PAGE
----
While the Hawaii Angels website says the group has invested more than $50 million in over 100 companies, Farnsworth said that number is probably from 2010. At its peak, the group was investing $5 million to $7 million a year.
“These are individuals, making their own investment decisions and writing their own checks,” she explained, and since the Hawaii Angels fund sunsetting, there isn’t very much hard data on investments and performance. Still, Farnsworth said the group has weathered the end of Act 221, the 2008 global financial crisis, and COVID, and is still fulfilling its mission.
“People keep coming back,” she said. “We're a group that continues to invest in a pretty steady state—anywhere from eight to ten deals a year, investing $1 million to $2 million.”
Passing the torch
Farnsworth has kept busy for the last 15 years and remains instrumental in organizing and growing Hawaii's innovation ecosystem. While she’s proud of her time running Hawaii Angels, keeping it alive during the pandemic was not easy, and she says the group has always known that it had to bring in fresh faces.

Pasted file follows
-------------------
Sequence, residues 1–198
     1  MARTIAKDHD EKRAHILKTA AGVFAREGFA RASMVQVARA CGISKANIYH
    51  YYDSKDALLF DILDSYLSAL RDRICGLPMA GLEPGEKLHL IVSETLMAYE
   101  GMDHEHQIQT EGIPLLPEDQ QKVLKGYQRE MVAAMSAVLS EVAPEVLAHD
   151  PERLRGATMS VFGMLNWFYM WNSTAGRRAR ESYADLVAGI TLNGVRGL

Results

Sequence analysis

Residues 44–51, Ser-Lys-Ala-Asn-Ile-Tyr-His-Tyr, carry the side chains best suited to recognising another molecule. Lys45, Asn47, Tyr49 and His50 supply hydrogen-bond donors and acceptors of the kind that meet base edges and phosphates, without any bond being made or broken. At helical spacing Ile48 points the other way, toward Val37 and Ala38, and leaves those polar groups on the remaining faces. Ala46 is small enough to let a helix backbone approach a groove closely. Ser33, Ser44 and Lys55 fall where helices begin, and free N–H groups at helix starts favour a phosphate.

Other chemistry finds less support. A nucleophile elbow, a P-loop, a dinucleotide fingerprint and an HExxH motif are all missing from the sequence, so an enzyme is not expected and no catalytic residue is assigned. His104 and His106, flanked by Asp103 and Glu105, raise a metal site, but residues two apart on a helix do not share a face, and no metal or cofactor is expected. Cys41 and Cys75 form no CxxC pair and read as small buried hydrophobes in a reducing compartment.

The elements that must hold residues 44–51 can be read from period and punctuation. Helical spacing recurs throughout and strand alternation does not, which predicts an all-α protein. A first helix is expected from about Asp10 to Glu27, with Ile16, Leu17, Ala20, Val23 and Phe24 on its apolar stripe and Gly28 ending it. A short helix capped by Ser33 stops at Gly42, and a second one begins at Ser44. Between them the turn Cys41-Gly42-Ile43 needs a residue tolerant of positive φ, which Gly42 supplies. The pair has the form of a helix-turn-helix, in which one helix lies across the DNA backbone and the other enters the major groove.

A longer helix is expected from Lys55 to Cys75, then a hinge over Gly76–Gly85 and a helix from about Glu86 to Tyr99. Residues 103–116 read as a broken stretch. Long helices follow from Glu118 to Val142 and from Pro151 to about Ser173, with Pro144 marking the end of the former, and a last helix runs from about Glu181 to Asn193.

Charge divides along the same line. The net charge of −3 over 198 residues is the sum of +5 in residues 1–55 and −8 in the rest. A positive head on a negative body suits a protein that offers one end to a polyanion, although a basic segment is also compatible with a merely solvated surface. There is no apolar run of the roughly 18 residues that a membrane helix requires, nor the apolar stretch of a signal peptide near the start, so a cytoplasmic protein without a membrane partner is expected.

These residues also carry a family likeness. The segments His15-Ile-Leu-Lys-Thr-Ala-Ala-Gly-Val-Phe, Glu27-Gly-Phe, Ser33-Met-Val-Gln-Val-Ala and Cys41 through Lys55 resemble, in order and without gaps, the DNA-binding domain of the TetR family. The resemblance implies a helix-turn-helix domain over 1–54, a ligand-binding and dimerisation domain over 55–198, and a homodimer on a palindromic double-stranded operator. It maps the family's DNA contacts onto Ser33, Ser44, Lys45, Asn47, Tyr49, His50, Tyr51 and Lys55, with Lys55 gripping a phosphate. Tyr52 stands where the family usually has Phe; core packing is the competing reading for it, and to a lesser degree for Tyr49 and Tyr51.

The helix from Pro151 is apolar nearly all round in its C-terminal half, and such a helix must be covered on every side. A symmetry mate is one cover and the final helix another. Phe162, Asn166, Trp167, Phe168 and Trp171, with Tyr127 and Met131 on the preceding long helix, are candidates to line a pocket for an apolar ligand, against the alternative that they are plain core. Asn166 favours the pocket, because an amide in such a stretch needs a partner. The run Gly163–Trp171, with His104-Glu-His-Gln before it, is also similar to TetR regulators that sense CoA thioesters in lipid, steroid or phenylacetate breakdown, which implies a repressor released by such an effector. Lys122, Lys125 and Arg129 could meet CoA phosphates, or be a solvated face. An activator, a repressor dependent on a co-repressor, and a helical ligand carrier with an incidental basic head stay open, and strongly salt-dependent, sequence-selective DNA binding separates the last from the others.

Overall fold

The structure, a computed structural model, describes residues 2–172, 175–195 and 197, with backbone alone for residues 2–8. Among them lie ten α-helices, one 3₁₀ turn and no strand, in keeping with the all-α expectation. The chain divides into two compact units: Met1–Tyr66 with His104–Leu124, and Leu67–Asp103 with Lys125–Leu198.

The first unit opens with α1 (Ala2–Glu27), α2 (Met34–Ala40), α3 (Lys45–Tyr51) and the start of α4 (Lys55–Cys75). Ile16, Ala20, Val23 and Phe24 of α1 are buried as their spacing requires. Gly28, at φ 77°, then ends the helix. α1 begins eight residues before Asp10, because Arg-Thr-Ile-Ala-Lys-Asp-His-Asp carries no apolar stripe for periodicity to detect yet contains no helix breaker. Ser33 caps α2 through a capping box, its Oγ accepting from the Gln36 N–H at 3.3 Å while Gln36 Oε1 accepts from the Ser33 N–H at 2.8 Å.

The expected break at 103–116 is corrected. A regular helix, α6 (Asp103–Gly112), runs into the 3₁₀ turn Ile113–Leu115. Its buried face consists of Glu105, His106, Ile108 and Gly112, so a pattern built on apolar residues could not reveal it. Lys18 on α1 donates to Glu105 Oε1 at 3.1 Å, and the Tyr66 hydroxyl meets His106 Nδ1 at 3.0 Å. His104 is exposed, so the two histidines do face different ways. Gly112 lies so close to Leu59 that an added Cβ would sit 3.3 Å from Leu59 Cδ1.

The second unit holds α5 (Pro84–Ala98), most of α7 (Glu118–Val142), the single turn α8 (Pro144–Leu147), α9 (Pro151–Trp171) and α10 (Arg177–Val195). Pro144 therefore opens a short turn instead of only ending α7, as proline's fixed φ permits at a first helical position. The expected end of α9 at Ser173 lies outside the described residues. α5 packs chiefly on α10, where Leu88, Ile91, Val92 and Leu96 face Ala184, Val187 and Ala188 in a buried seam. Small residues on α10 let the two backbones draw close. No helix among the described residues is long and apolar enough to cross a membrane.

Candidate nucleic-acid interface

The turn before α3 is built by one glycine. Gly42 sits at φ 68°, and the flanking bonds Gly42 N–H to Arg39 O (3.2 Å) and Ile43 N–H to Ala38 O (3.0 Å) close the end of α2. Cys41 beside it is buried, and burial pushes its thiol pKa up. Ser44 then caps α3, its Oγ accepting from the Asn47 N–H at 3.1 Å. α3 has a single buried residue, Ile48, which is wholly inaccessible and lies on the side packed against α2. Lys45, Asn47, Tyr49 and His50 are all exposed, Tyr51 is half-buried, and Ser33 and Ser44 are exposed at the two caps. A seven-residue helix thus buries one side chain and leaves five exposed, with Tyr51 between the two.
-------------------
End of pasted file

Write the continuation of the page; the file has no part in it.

“We had maybe ten, twenty paying members during COVID—everybody dropped out, nobody was interested in Zoom meetings, so [we] put the whole thing on hold for at least a year, and it's been a big effort to build it back and to recruit members,” Farnsworth said.
And the demographics of the group are starting to shift.
“Our kind of mainstay members were aging out, to be honest—new people would come and look around the room and go, ‘Well, there's a bunch of old people, I don't want to be here,’” she said. “It was really important to shift that and have some younger people join us and have a little bit more of a youthful kind of presence in the room.
“Now when young people come, they see other young people, and they're like, ‘Okay, I can I can be a member of this group, I'm not going to be the only guy under 40.”
More than half of the Hawaii Angels membership today are new, Farnsworth said. And among the next generation was Katzen.